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Death is inevitable. Everyone dies at some point. There’s no escaping it’s grasp.
And yet, it is one of the most feared things in the entire world–right there below public speaking.
What really happens when you die? That’s definitely one of the eternal questions we are constantly asking ourselves.
In the western world, we seem to plan for the inevitable by writing a will, taking out some life insurance, purchasing flowers, choosing a casket… and so on. There’s typically a routine to the madness of losing a loved one–an obligation to accept what has happened and move on.
In other parts of the world, the way people grieve, commemorate, and dispose of the deceased varies tremendously. Some cultures don’t simply accept that someone has lived and died, but their life is truly celebrated.
This can mean anything from consuming a person’s remains, holding funerals that last years, or exhuming their loved ones from the ground and dancing with them in the sunlight. There are those in India that even prepare for their own demise by voluntarily fasting to death.
While we may choose to look upon these rituals with disgust or surprise, these funeral practices have been deeply ingrained in cultures for thousands of years, and depending on specific beliefs and values, anything goes.
Click through the 13 craziest death rituals in the slideshow above to see how people in other parts of the world honor their dead.
Even here in the US, people do some rather interesting things with the dead, including taking funeral selfies next to the casket, attending the funeral of a complete stranger, or even burying them on their motorcycle or in the front yard of their home.
1. Drive Through Funeral Parlor, Los Angeles, California
In Los Angeles, residents looking for quick and convenient ways to say goodbye can just visit the city’s drive through, bulletproof funeral parlor. This service is mainly provided for gang-related deaths.
2. Fantasy Coffins
In Ghana, the death of a loved one is a time to mourn for them as well as a time to celebrate their life. Instead of being buried in a traditional coffin, carpenters fashion out caskets symbolizing the deceased person’s life, including their character traits or status in society. Some are quite creative and made into fish, coke bottles, animals, or beer cans.
Interested in turning your deceased grandmother into a synthetic diamond? To create the shiny crystal, this company called LifeGem takes a person’s cremated remains, turns them into graphite, then places it into a diamond press. For $3500 to $20,000, you can wear your loved one on your finger.
4. “Turning of the Bones”
Once every five or seven years, the Malagasy people of Madagascar have a centuries-old celebration for the dead by exhuming the bodies and dressing them in new clothes or cloth. Then, the Malagasy dance with the corpses around the tomb to live music.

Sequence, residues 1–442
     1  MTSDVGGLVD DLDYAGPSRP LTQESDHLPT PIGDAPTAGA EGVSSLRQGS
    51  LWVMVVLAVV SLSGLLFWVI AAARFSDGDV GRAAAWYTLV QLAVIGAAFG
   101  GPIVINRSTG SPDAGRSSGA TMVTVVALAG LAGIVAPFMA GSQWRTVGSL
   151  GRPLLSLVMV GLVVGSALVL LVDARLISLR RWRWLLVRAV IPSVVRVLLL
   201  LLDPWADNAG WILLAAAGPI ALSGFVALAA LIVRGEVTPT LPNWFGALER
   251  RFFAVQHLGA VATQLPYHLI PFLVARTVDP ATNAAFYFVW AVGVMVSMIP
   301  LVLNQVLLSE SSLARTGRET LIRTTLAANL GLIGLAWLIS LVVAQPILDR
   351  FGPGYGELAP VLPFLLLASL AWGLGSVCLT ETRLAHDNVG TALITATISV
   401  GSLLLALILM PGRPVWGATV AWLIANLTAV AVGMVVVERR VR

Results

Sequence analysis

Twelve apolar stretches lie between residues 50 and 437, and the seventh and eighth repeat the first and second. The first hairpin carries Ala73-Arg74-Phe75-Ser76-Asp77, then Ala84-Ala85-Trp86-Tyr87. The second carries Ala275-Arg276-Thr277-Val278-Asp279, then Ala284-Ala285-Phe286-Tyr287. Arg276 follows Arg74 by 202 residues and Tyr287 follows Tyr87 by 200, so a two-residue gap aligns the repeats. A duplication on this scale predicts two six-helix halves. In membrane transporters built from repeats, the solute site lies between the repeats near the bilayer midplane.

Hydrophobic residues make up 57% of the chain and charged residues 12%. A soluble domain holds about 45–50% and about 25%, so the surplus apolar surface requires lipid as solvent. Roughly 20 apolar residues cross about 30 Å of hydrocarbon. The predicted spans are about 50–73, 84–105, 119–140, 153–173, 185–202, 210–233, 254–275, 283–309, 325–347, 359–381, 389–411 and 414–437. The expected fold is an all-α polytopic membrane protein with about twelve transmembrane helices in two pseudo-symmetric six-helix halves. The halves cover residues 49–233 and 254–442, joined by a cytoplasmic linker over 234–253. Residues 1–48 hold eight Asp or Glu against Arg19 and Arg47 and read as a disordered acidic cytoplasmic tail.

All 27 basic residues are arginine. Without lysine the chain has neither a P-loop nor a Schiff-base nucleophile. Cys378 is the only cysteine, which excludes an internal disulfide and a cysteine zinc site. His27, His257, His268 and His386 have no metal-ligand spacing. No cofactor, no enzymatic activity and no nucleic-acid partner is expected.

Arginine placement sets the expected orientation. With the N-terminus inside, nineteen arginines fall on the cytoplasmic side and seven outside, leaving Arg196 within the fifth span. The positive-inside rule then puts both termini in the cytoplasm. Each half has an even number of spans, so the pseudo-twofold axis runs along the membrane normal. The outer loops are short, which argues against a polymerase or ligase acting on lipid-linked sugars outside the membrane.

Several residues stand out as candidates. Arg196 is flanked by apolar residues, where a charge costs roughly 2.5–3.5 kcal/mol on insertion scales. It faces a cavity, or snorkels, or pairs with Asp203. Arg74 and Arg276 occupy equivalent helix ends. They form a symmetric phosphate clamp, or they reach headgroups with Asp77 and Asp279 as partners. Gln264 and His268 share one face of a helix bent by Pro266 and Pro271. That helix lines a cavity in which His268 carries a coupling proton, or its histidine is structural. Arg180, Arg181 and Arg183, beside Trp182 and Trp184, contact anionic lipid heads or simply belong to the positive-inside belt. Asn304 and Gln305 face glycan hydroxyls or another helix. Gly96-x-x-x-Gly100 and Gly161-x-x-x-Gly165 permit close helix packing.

Santhara is a voluntary death brought on by fasting. Practiced by the Jains community in India, Santhara begins after a person decides their life has served its purpose and they are ready for spiritual purification. This practice is often seen as a form of suicide or euthanasia.
6. Mysterious Hanging Coffins of the Bo People
The Bo People of Gongxian, China, once hung their coffins hundreds of feet up on the sides of cliffs.
7. Tana Toraja in Eastern Indonesia
Funerals in Tana Toraja, in eastern Indonesia, are epic affairs that involve an entire village and can last anywhere from a couple days to weeks. Sacrificial water buffalo are slaughtered to carry the soul of the deceased into the afterlife. But that moment could take years. In the meantime, they are considered one “who is asleep” and are placed in special rooms within the home and symbolically fed, cared for and taken out–remaining a part of their relative’s lives.
A few tribes in Australia and South America have been known to feast on the flesh of the dead. According to anthropologist Napolean Changon, the Yanomamo community in South America still eat the ground bones and ashes of the deceased after cremation has taken place.
9. Ritual Amputation
In West Papua, New Guinea, when a loved one passed on, the Dani people used to cut off their own fingers. This ritual is now banned, but was allegedly practiced to drive away spirits as well as to use physical pain as a form of expression.
The amputated flesh was then dried and burned to ashes or stored in a sacred place.
10. “Sky Burials”
Many Buddhists in Mongolia and Tibet practice ritual dissection, or “Sky Burials.” This tradition often involves chopping up the deceased into pieces and feeding them to animals, mainly vultures. In Buddhism, a dead body is seen as an empty vessel and is not commemorated.
11. Funeral Strippers
Taiwan showgirls are known to strip for the dead during religious events in order to “appease the wandering spirits.”
12. “Tower of Silence”
The Zoroastrians in Mumbai, India, would leave their dead at a “dakhma,” also known as “Tower of Silence.” The scripture and tradition spoke of decaying corpses polluting the earth, so when someone died, their exposed bodies were taken to “Tower of Silence” to be eaten by vultures.
13. Varanasi, India
On the banks of the Ganges River, Hindus bathe in the waters to absolve them of their sins. The Ganges is also a place encompassed in death. Believing that the river will release them from the cycle of rebirth, wealthy Hindus are ceremoniously cremated here and their ashes are released into the water.